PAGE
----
Just put in the new solenoid this morning. Pretty easy job, only took about 3 hours, including the set up time for the oil pan RTV. On that note, I used the Mopar 3 bond:
Here's a few thoughts about the process if it helps anyone down the road. The whole job is really straightforward. There were a few things I thought might be worth passing on.
1) the oil dlpstick bolt. I've seen where people take the front passenger tire and splash guard off to get to it. It is hard to get to, but you can get a 3/8 13mm socket on there without taking all that off. Helps to have a ratchet with a hinged head, but it is doable. Break it loose then you can fiddle it off with your fingers if it's not too rusty. A finger ratchet works if it's loose but sticky.
2) I've seen people fight getting the oil pan off because the original Mopar 3 bond is quite adhesive. There's an ear sticking out of the oil pan on the front passenger side corner of it. You can see it if you look down through the engine bay. I stuck a 3' long wooden dowel down through some gaps around the alternator, rested the tip of it on the ear, then tapped it nicely with a 5lb sledge hammer. The pan popped right off.
3) Loosen the oil pump to pass the new plug and wire between it and the block. I left one bolt on the far right corner, took three off, and it hung down just enough to pass the plug through on the left.
4) Wire insulation. The wires coming off my solenoid had lost insulation where the christmas tree/ zip tie retainer holds the two wires onto the engine block, just past the plug. The copper was exposed there, and also the insulation was cracked and missing where the wires exit the solenoid plug. I thought for sure I'd found the PO6DD problem right there, but a continuity check verified that the wires were still intact and carrying current. The made me wonder about the condition of the wires further up. Main point here, check the wiring carefully wherever you can, especially in those two spots.
5) the most tedious thing was getting the new solenoid plug back through the block. You have to finnagle it up into a small cavern, past the left of the timing chain, where the hole is on the left, about 5 inches up. No room for fingers unless you have long thin ones. Making it harder is that the front axle is directly in your line of sight as you look up into the block, so you cant see up in there to line the plug up with the hole. You basically have to go by luck and feel. I ended up getting some super long needle nose pliers to grasp the plug with, and after about 10 annoying minutes of finagling with it, it finally went in.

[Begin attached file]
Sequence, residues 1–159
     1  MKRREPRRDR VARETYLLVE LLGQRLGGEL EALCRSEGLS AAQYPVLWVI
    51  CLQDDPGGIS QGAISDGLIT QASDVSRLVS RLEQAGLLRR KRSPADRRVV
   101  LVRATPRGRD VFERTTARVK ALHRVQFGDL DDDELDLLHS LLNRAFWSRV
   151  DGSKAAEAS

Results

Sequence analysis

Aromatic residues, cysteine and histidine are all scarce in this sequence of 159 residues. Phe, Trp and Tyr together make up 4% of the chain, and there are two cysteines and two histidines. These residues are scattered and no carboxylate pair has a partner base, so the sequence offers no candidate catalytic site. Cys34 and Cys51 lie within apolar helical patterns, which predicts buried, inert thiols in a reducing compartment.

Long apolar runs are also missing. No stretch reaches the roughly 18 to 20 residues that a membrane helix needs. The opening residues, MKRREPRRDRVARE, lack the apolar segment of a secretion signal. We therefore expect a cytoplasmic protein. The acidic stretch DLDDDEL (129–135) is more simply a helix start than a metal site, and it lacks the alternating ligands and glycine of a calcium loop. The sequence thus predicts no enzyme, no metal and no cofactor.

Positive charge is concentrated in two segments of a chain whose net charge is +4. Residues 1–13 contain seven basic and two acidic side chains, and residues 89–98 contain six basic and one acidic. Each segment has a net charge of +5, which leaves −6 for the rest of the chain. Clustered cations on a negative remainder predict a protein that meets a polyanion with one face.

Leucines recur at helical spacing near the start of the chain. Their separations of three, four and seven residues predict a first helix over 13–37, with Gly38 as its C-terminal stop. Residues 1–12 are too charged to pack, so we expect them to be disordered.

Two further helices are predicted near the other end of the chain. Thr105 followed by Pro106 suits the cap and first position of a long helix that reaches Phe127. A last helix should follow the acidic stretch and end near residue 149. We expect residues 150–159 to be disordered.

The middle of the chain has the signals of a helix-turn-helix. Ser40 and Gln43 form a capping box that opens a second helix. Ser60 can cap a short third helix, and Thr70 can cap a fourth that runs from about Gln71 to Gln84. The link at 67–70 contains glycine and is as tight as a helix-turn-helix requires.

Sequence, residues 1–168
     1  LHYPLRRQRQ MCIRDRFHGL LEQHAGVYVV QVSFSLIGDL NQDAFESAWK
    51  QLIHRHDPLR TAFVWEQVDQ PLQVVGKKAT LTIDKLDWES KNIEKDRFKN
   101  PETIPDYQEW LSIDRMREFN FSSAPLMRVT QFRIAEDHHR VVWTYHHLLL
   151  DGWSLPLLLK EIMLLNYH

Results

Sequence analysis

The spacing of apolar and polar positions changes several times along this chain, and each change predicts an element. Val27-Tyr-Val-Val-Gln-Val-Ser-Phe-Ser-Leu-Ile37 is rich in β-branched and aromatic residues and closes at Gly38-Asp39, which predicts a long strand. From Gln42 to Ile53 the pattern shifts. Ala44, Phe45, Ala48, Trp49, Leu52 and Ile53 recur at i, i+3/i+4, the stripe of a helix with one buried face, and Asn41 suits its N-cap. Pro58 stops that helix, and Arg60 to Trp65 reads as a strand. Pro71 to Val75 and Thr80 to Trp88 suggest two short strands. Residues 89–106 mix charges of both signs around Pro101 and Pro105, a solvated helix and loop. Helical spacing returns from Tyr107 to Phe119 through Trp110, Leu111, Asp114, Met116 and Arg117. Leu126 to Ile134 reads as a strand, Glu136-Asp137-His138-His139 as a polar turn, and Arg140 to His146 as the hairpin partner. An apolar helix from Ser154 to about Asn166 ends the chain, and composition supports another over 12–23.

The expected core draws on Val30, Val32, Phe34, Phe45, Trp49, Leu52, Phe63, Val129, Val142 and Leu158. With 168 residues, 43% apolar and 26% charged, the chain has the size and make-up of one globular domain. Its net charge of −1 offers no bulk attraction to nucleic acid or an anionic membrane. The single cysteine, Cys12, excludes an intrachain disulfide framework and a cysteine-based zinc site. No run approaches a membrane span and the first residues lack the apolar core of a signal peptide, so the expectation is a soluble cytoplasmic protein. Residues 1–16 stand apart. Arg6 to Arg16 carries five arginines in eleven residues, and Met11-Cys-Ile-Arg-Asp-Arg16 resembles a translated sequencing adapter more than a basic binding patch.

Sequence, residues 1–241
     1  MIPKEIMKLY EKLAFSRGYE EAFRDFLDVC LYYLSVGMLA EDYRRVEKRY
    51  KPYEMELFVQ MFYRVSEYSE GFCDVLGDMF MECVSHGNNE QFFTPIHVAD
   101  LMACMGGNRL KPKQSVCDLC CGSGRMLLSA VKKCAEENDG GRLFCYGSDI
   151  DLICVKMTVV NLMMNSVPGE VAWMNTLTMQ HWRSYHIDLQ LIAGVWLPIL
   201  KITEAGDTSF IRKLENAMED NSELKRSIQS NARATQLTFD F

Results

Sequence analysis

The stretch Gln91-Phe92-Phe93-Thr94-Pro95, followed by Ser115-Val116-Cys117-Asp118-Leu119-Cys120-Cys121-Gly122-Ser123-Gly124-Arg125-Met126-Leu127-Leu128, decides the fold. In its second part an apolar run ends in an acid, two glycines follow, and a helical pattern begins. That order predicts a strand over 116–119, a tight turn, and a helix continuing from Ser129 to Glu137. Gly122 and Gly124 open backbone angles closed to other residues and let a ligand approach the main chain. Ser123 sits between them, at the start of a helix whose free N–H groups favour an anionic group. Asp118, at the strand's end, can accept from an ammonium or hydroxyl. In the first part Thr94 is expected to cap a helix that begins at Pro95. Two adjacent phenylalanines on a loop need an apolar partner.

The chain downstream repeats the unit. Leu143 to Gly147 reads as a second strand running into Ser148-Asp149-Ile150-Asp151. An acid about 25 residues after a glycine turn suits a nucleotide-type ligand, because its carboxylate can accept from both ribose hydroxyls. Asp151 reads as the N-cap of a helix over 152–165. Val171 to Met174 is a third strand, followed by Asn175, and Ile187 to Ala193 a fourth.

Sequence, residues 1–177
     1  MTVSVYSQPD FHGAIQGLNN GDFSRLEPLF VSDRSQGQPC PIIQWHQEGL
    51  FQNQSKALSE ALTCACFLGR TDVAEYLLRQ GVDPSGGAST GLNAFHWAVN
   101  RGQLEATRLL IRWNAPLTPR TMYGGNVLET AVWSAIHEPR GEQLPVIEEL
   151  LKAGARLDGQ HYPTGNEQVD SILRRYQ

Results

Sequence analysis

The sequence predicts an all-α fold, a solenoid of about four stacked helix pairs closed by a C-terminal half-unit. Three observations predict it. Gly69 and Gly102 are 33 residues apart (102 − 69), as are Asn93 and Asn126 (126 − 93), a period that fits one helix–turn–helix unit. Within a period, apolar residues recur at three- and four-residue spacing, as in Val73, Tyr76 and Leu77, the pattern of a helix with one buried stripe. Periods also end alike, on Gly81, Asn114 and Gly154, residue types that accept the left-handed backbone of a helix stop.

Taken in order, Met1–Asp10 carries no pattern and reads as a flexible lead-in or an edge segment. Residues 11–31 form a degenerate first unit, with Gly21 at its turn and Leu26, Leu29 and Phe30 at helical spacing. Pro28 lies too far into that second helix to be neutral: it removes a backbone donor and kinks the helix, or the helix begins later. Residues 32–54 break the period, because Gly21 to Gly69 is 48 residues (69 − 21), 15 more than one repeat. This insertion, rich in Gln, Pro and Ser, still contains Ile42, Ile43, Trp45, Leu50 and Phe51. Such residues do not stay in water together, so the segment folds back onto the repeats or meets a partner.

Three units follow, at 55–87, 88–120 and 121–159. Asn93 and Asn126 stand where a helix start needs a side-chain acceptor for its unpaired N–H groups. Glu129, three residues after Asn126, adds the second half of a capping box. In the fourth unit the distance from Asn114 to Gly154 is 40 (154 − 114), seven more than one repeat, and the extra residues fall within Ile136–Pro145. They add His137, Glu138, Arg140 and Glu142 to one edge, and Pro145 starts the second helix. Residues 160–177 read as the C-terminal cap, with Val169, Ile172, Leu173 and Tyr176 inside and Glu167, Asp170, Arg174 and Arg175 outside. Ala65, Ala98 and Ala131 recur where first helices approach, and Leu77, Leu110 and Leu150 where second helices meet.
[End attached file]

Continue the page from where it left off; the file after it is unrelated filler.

I am now waiting for the 3 Bond to dry. Going to put oil in tomorrow, fire it up and see if that (insert expletive here) code is gone. I will post results.
As I was laying under the jeep waiting for the RTV to set up, I was remember all the negative comments people make about the complexity of jeeps nowadays as they doggedly try and hunt down elusive electrical problems and fix codes. I think it actually might be a good trade off. My jeep has almost 200,000 miles. It doesn't burn any oil. It starts immediately, every time, no matter what the weather. It runs perfectly, always. It has the same amount of power as it did in 2012. It drives beautifully on the freeway even with the lift and 35's. It's comfortable to sit it. It's safe for my kids and wife to ride it. I've owned four Cj-5's, a CJ-7, a YJ, and two 4.0 Tj's. The CJ's were just miserable to drive on the freeway, and I would never take my kids in those rigs on any long freeway rides due to safety concerns. And the CJ's certainly didn't last 200k miles without alot of work. The Yj and Tj's were better, and lower maintenance with higher durability, but still uncomfortable to drive on any long trip. The JK is far beyond above all of them, in every area. Is it a pain to deal with all the wires and computers and solenoids? Yeah, but all in all, definitely worth it. Why am I sharing this here? No idea.